Background: With HIV-infected patients living longer, there is an increased burden of comorbidities related to aging, HIV itself, and polypharmacy. Cardiac morbidity is of particular importance. Methods: This 2-group comparison study (156 HIV-positive and 105 HIV-negative patients) investigated the prevalence of abnormalities in and factors associated with an electrocardiogram (ECG) measure, corrected QT interval (QTc), where prolongation can lead to arrhythmia and sudden death. Medications prescribed (antiretroviral therapy, psychiatric medications, methadone, and antibiotics) at the time of ECG were noted. Patient characteristics, medications, QTc, and ECG characteristics were compared between the 2 groups. Results: Prolongation (29% versus 19%) and extreme prolongation (6% versus 1%) in QTc were more frequent in those with HIV. Antiretroviral therapy was associated with lower odds of prolonged QTc (odds ratio [OR] = 0.35; P =.04), while methadone with higher odds (OR = 4.6; P =.01) in HIV-positive patients. With methadone and medication groups adjusted, HIV status was still associated with 17-millisecond longer QTc (P =.04). Conclusion: This study provides evidence that patients with HIV may have clinically relevant longer QTc interval on ECG. Baseline and routine ECG monitoring may be warranted among patients living with HIV in clinical practice based on cumulative evidence.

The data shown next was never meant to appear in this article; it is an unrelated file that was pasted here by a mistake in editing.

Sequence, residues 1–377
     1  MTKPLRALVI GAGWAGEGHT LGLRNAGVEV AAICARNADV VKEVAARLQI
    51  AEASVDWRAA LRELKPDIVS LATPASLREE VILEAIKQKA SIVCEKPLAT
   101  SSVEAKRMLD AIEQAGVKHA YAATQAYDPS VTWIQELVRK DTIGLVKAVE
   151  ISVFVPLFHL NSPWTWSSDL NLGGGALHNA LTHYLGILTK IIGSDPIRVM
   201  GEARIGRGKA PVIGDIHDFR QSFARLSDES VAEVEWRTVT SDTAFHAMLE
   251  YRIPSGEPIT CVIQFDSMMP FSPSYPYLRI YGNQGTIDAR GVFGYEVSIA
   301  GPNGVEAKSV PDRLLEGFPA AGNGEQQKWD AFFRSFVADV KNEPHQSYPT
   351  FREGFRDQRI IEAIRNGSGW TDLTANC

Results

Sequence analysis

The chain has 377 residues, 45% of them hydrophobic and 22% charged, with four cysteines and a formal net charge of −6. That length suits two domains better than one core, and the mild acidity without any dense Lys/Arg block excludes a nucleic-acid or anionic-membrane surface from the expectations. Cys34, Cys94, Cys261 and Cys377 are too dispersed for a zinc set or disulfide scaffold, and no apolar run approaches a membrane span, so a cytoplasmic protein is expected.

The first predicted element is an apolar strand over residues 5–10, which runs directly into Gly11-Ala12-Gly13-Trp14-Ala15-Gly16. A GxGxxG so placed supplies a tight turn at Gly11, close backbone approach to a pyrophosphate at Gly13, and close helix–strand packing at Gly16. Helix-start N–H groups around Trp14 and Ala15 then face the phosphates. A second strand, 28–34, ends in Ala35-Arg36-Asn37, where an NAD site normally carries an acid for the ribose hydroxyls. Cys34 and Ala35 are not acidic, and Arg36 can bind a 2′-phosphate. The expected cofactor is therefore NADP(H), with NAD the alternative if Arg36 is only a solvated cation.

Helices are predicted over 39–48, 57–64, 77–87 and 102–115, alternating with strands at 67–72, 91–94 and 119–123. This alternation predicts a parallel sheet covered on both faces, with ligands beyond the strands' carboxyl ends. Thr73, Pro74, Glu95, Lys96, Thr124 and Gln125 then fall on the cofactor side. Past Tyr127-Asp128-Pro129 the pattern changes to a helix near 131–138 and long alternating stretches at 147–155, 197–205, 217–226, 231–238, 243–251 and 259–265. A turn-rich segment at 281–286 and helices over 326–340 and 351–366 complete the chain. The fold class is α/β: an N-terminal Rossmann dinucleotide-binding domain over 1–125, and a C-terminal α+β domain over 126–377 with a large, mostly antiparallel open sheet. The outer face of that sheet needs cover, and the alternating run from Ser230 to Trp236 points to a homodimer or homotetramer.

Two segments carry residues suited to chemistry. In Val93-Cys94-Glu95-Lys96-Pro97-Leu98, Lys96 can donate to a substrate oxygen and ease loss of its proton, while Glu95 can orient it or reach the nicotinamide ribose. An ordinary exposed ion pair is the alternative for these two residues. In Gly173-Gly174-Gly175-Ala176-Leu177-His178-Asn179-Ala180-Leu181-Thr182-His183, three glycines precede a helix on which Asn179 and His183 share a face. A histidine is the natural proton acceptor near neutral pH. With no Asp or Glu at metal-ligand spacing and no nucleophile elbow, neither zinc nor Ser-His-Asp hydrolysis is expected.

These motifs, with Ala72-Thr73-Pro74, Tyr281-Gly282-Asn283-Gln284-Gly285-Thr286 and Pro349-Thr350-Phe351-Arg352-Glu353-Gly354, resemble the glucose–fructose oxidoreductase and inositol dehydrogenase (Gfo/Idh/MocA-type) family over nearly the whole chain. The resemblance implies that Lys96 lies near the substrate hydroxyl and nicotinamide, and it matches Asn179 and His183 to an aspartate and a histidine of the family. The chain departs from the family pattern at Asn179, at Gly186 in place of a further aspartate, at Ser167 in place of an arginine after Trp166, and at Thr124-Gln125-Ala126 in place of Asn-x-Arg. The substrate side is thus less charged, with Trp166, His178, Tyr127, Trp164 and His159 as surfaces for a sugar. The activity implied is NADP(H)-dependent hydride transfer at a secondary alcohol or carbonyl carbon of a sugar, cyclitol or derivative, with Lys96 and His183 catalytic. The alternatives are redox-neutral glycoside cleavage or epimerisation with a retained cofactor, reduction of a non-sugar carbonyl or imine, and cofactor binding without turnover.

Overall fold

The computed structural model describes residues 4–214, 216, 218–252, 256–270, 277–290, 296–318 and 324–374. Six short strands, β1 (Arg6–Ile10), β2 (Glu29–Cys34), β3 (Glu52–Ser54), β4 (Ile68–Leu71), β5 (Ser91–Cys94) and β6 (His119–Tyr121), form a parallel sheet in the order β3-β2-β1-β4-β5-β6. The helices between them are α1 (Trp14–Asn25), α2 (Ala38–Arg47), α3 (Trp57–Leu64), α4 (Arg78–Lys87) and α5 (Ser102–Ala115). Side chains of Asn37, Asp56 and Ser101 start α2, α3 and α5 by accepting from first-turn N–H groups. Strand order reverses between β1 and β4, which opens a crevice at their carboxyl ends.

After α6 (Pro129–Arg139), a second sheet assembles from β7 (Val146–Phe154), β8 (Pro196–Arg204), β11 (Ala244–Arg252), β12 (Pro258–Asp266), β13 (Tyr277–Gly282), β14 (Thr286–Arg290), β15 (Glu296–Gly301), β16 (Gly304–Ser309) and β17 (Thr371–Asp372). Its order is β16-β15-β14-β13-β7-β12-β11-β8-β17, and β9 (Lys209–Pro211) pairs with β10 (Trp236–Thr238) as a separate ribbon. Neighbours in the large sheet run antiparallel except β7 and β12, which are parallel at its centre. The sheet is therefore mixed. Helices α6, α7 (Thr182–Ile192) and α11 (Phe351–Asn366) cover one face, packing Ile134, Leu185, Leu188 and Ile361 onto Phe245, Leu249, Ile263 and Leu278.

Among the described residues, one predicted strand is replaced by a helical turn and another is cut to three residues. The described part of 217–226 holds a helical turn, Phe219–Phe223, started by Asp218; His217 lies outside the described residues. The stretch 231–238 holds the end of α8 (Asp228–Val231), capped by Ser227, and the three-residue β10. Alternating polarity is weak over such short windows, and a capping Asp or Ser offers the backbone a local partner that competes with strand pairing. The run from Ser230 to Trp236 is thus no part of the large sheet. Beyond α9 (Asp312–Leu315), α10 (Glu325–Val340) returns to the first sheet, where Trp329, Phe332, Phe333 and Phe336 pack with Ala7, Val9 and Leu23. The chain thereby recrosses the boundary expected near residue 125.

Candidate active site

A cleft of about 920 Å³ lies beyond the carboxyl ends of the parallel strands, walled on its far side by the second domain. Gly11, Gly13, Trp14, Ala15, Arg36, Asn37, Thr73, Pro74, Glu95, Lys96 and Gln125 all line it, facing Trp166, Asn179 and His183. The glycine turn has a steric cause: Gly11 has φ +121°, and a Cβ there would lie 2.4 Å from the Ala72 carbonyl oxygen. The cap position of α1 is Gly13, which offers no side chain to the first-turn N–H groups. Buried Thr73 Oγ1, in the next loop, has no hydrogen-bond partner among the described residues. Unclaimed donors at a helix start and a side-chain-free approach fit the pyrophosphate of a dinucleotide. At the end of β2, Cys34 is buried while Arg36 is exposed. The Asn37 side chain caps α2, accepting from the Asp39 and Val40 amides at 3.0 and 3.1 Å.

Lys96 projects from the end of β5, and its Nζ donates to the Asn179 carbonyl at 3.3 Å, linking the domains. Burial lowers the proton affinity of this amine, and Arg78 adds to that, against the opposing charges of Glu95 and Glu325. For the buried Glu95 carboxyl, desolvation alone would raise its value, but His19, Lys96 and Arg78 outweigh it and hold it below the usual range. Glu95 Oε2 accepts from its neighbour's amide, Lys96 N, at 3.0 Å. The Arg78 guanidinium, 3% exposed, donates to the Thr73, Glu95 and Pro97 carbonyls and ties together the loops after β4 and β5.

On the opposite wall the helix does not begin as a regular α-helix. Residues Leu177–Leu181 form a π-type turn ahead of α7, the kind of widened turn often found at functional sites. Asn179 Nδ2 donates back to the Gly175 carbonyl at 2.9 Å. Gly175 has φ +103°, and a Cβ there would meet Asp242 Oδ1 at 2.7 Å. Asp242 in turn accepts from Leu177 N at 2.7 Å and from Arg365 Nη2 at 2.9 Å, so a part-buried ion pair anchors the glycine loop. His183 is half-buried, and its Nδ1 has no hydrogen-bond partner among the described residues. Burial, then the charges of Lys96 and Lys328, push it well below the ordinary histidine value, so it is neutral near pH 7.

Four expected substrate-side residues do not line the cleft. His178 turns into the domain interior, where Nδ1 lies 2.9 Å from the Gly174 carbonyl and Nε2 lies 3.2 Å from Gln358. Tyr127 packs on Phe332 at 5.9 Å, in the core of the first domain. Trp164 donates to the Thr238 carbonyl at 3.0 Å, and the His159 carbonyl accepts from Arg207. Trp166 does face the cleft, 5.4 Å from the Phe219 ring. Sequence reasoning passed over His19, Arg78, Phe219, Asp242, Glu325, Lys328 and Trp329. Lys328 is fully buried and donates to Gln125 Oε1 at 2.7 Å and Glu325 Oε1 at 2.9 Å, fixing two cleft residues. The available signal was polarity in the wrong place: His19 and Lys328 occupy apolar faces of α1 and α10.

|Journal||Journal of the International Association of Providers of AIDS Care|
|State||Published - 21 Mar 2019|
- QT prolongation
- antiretroviral therapy